A Twitter account linked to al Qaeda in the Arabian Peninsula (AQAP) has claimed credit for an explosion that occurred early this morning in the diplomatic Hadda section of Sana’a outside the residence of the Iranian ambassador to Yemen. The timing of the attack, which occurred the week after the ambassador, Hossein Niknam, presented his credentials to Yemeni authorities, suggests that AQAP had been waiting for his arrival in the Yemeni capital.
AQAP stated that its fighters parked a vehicle-borne improvised explosive device (VBIED) outside the ambassador’s house and detonated the explosive at precisely 9:02 a.m. While official reports suggested that one guard and two pedestrians were killed, the AQAP statement claimed that an unspecified number of people were wounded and killed in the attack, “including Iranians working at the embassy and its guards, in addition to the destruction of large sections of the residence.”
The AQAP statement boasted that “despite the security precautions put in place by the Yemeni regime forces and the Houthi political committees, the mujahideen managed to park the explosive laden vehicle and detonate it.” Additionally, the statement claimed that the explosion was so strong that it shattered the windows of nearby buildings allegedly owned by Yemeni officials and diplomats.
Iran has been accused of supporting the Houthis, northern rebels who hail from Yemen’s Zaydi sect of Shiite Islam, since a civil war between the insurgents and Yemeni military forces erupted in 2004. Some indications of this alleged support include the Yemeni military’s October 2009 seizure of an Iranian ship carrying anti-tank weapons, as well as a January 2013 joint US-Yemeni military operation that captured another ship containing a cache of weapons. Despite Iranian denials, markings on the confiscated weapons indicated they came from Iran’s Revolutionary Guard Corps. US officials reported that the weapons were headed to the Shiite insurgents in Yemen’s northern provinces.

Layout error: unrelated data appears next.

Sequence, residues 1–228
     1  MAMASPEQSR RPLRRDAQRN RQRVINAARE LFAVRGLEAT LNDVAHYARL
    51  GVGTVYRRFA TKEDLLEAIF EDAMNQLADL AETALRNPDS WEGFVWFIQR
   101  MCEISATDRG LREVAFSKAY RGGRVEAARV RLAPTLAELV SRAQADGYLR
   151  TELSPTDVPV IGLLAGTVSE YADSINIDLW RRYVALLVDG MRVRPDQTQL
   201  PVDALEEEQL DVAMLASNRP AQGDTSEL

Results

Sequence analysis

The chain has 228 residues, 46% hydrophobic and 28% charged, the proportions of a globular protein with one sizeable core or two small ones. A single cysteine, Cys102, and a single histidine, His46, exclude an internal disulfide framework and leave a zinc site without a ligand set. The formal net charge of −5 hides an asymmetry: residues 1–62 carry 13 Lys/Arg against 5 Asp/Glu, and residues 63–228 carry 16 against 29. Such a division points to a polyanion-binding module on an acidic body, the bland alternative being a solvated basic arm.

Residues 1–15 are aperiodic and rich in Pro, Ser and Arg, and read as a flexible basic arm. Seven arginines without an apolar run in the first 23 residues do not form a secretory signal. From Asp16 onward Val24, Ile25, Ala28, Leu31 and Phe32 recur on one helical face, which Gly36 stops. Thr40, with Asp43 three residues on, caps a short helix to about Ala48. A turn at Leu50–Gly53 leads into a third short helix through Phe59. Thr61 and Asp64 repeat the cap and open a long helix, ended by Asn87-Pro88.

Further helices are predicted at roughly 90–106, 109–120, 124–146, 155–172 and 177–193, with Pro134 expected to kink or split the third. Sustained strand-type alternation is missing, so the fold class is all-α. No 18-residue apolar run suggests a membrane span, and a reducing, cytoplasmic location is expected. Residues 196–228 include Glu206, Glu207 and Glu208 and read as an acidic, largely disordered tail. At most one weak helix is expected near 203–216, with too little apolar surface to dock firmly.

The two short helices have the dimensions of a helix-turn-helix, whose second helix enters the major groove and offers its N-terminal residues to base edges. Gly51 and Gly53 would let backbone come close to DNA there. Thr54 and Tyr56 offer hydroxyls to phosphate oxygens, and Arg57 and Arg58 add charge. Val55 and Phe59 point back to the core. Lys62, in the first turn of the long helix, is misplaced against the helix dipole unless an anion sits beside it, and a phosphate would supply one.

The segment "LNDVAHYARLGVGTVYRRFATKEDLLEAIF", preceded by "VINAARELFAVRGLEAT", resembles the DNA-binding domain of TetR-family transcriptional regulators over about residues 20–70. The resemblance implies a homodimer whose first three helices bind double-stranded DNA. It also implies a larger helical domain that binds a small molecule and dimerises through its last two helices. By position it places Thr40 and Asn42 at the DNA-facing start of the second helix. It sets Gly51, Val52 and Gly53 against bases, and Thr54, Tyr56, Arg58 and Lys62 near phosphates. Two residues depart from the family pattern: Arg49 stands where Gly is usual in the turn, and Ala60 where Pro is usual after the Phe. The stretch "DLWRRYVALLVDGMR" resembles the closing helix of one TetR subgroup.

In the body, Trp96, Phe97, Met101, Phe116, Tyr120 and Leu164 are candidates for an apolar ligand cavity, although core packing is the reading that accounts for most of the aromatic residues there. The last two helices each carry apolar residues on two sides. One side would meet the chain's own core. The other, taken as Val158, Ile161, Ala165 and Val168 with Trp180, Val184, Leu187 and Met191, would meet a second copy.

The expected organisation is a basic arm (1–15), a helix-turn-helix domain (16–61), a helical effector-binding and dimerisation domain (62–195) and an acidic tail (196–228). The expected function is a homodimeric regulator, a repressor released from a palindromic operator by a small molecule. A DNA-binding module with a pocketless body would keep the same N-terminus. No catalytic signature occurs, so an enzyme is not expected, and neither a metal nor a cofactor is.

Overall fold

AQAP has capitalized on these suspicions of Iranian involvement and has made efforts to portray itself as the champion of Yemen’s Sunni tribes in the face of the Shiite Houthi onslaught. The terrorist group routinely refers to the Houthis as “Iranian agents,” and it has framed the insurgency as an Iranian political and sectarian plot to extend Shiite control throughout the Sunni world.
These longstanding accusations took on new significance when Iranian officials welcomed the Houthi rebels’ southward military advance from their northern redoubts in Sa’dah province this summer, culminating in the fall of Sana’a in late September. Shortly thereafter, Ali Riza Zakani, a member of the Iranian Majlis (Parliament) commented, “Three Arab capitals have already fallen into Iran’s hands,” suggesting that Sana’a would be the fourth. Zakani added that the Houthi rebellion in Yemen is “a natural extension of the Iranian revolution.” Ali Akbar Velayati, a seasoned Iranian politician and close adviser to the Supreme Leader announced, “The Islamic Republic of Iran supports the rightful struggles of Ansar Allah [the Houthis] in Yemen.”
Today’s bombing was not the first time AQAP has targeted Iranian interests in Yemen. Yemeni officials have claimed that AQAP was behind the July 2013 kidnapping of Iranian diplomat Nour Ahmad Nikbakht near the Iranian embassy in Sana’a. And Ali Asghar Asadi, Iran’s economic attache in Sana’a, was killed in a drive-by shooting in the capital in January 2014 that was carried out by gunmen believed to belong to AQAP.
As the Houthis continue their march throughout Yemen, questions continue to arise regarding the extent of Iran’s support of the rebellion. Although the degree of Iranian involvement remains unclear, today’s bombing confirms that the Islamic Republic is being directly targeted by AQAP both for retaliatory reasons and as a public relations attempt to unite Yemen’s Sunni population against Shiites and foreigners.
The following pictures were released along with the statement claiming credit for the bombing:
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